Luckily there was always the chance to use a camera as I was growing up. Most of my family are creative, and hands on, so when I was progressing through school, painting and drawing were featuring high on my favourite subjects, but alas, my painting skills weren’t as natural as I’d hoped so it was then that I picked up a camera. My theory was if I can’t paint it, I’ll photograph it instead.
College training was followed by an assistant’s position with an established commercial and advertising photographer. This was the area of photography I wanted to follow, so getting a position as an assistant in a busy studio was like a dream come true.
In the beginning it really did not really matter to me if people did not know who I was, as I was the assistant photographer. I was so hungry for knowledge at a commercial level, that every project was exciting and a great joy to be involved with, and this is a feeling which has stayed with me right till today.
Carving out your a career in photography is hard work, there is no doubting that, with long working days and some physically and emotionally tiring projects. Yet as a result you come to appreciate the discipline of photography even more when you’ve had to work so hard to get there, and I think my clients see that now. Caring for the subject and putting in the hard graft results in successful shoots.
Success came gradually, by entering and winning photographic competitions it meant that the people around me who already liked my work sat up and took even more notice as a result of industry peers appreciating my work.
As a photographer you are continually learning and nurturing your skill, there is always more to learn, new techniques to try, more accuracy in your lighting or composition, approach and execution. That is what makes it such an enjoyable and rewarding career.
The most enjoyable shoot for me is one where I’ve been involved in the process from the very start. The collaboration between photographer and client and food stylist is a really important one. The melting pot of ideas that comes from discussions prior to the shot ultimately means better photography in my opinion.
The day often starts with me setting up for the first shot, the food stylist bringing in all their accessories and the food for the shoot. Once the client arrives we get underway.
When working with advertising agencies you may not work directly with the client but may well work with the agency contact instead, who will have been briefed by the client. They often will know instinctively what they need, and of course there is always email to get shots approved
In the future I would love to work with a greater selection of clients as possible: I really enjoy the diversity of working with a national brand, for example, one day, then a small artisanal producer the next. For me the challenges involved in producing both packages of photography keeps the process fresh and allows me as the photographer to engage with different approaches and styles.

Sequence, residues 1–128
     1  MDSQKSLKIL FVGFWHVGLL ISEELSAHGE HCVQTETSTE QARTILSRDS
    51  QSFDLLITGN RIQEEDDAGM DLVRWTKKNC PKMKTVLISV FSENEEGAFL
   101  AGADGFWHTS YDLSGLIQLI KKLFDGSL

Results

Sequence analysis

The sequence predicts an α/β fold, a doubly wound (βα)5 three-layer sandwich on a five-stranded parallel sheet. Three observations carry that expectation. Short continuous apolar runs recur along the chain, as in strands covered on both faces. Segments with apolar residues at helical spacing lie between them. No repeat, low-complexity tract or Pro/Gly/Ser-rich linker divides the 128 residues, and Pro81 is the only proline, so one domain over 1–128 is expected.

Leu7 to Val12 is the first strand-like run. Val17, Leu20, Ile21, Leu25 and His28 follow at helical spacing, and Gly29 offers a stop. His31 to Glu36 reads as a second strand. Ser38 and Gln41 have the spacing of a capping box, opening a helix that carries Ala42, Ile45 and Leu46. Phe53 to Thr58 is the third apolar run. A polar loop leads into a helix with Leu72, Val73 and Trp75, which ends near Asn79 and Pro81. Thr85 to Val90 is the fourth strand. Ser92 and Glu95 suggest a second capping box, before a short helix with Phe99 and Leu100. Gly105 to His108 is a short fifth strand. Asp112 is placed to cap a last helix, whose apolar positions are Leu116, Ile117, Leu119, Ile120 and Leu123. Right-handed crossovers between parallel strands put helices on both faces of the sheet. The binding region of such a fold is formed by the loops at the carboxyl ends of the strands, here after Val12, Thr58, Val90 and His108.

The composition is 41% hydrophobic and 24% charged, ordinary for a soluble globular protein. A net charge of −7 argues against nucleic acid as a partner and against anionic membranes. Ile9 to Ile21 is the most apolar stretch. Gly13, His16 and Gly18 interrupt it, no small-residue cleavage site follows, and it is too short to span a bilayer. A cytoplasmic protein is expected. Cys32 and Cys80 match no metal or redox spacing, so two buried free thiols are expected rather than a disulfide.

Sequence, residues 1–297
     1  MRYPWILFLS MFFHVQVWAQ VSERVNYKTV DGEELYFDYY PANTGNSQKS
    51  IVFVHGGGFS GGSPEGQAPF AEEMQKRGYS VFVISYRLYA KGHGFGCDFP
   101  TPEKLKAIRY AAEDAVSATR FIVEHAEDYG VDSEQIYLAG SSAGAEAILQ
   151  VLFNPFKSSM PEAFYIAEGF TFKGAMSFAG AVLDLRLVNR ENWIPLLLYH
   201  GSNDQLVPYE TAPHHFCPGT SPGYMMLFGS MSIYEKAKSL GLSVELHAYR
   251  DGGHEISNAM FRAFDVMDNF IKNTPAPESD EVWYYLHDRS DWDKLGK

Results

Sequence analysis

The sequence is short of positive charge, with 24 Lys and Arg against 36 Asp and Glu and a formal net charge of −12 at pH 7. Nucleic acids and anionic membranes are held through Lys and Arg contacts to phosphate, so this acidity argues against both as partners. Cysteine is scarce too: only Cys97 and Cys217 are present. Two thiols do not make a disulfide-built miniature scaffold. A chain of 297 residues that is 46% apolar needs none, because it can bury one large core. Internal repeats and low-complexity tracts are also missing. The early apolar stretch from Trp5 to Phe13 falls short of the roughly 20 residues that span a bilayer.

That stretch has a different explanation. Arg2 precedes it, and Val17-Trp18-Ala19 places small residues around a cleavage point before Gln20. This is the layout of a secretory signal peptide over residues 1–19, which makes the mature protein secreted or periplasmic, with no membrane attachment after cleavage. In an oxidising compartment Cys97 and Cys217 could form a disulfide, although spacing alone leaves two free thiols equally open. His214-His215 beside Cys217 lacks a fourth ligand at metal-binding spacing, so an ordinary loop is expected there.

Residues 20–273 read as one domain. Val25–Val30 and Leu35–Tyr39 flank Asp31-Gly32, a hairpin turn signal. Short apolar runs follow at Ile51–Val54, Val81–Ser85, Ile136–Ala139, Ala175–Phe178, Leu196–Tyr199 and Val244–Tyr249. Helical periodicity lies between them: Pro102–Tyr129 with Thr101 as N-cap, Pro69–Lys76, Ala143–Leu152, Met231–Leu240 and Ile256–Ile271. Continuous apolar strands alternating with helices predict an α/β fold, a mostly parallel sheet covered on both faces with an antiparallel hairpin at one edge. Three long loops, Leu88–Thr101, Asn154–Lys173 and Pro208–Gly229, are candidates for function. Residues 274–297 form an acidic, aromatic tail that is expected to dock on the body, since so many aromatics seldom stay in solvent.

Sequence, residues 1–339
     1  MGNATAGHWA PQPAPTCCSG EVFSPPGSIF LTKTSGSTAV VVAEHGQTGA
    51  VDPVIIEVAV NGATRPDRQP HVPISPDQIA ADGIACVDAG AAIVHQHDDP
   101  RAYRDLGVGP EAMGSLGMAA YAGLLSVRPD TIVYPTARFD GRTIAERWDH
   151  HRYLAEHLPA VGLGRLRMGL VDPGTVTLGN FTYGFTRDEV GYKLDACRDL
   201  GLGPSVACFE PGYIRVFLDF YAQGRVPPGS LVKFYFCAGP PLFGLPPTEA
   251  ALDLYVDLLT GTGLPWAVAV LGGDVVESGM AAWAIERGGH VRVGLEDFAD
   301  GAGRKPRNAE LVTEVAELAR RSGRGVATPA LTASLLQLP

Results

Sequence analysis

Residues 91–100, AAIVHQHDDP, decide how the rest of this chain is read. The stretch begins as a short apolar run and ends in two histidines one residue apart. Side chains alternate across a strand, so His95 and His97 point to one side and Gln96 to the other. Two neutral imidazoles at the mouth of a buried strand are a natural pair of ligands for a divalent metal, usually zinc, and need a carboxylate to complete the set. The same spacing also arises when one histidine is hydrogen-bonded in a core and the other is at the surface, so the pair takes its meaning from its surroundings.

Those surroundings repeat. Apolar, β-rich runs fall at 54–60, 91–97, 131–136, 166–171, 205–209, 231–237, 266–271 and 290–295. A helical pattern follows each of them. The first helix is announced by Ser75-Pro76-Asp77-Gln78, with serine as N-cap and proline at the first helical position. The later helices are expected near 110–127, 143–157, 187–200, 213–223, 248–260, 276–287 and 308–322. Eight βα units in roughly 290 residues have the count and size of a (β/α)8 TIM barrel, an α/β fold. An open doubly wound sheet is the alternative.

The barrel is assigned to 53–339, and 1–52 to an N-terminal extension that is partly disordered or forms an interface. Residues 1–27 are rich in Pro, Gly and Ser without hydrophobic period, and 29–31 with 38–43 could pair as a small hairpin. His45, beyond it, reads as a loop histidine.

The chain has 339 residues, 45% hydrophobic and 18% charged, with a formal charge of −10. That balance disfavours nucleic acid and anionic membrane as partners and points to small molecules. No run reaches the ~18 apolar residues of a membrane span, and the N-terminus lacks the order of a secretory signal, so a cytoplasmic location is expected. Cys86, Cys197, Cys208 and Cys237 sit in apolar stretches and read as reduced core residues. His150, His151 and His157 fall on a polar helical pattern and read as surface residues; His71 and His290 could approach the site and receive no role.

I tend not to follow individual people in the industry as such, but treat every visual experience as worthy of something to take note of. Films, magazines, exhibitions, websites and so on create a melting pot and a rich diversity of ideas for my own thought processes. For 2012 I wish to continue the development of my portfolios and meeting and working with new people. I am particularly interested in working with clients who wish to bring their products to market for the first time as I have gained some very useful and recent experience of this.
I live and work with my family in the Leeds area of Yorkshire and fortunately most of my bookings can be reached within a day’s travel. Of course there are times when I work away from home on location and this is all part and parcel of a photographers role
Food is a great love of mine, even when I’m not behind the camera, and I think the sourcing of our food is very important. As yet I haven’t ventured into the growing part, except a few herbs, but I love cooking new dishes and experimenting with recipes influenced from all around the world.
In and around the Yorkshire region there is a huge wealth of food producers and sellers, being traditionally an area with a great farming heritage. This is still the case today and I’ve been lucky enough to work with, shop at and eat the fruits of these labours.
The style of food photography, in its more artistic form, will hopefully continue to reinvent itself and progress through the popular trends it has experienced over the last few years. The amount of food related and photography related blogs and websites are testimony to the subject’s great appeal to an increasingly wide audience.
At the moment the style is very much rustic, often retro, with 1950’s styling being particularly popular, but always making the food the ‘hero’ in the image. Editorially the images we see in our magazines often depend on many different factors, and I think this is why we see a great spread of styles and approaches, so it is here where we see everything from the more artistic approach to very commercially led images which are shot to fulfil a design brief. These images can be less about the setting and props and focus more on the actual food product, being much more influenced by a marketing and design brief.
For someone starting out in this profession, my advice would be to get as much experience from a wide range of subjects as possible. Lessons learned from shooting one kind of subject can be employed in shooting another. The more experience you open yourself up to the greater the scope will be in future years, thus adding to your overall skill set.
Phillip Shannon’s website: www.phillipshannonphotography.com
Follow Phillip on Twitter @PhillipShannon1